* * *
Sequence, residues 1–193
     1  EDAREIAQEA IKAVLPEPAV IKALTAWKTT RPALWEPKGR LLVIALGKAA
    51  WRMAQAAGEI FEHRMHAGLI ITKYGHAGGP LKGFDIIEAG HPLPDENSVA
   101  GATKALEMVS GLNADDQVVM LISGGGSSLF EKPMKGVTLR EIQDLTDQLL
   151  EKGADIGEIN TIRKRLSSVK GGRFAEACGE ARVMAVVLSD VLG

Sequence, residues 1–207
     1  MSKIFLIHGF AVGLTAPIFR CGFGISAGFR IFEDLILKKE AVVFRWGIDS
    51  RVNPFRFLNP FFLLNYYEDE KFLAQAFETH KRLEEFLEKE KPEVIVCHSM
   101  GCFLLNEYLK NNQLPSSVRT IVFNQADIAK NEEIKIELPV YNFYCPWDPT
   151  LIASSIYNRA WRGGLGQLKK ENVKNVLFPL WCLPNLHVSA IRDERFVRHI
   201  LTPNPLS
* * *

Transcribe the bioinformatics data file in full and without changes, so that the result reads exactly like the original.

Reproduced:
Sequence, residues 1–193
     1  EDAREIAQEA IKAVLPEPAV IKALTAWKTT RPALWEPKGR LLVIALGKAA
    51  WRMAQAAGEI FEHRMHAGLI ITKYGHAGGP LKGFDIIEAG HPLPDENSVA
   101  GATKALEMVS GLNADDQVVM LISGGGSSLF EKPMKGVTLR EIQDLTDQLL
   151  EKGADIGEIN TIRKRLSSVK GGRFAEACGE ARVMAVVLSD VLG

Sequence, residues 1–207
     1  MSKIFLIHGF AVGLTAPIFR CGFGISAGFR IFEDLILKKE AVVFRWGIDS
    51  RVNPFRFLNP FFLLNYYEDE KFLAQAFETH KRLEEFLEKE KPEVIVCHSM
   101  GCFLLNEYLK NNQLPSSVRT IVFNQADIAK NEEIKIELPV YNFYCPWDPT
   151  LIASSIYNRA WRGGLGQLKK ENVKNVLFPL WCLPNLHVSA IRDERFVRHI
   201  LTPNPLS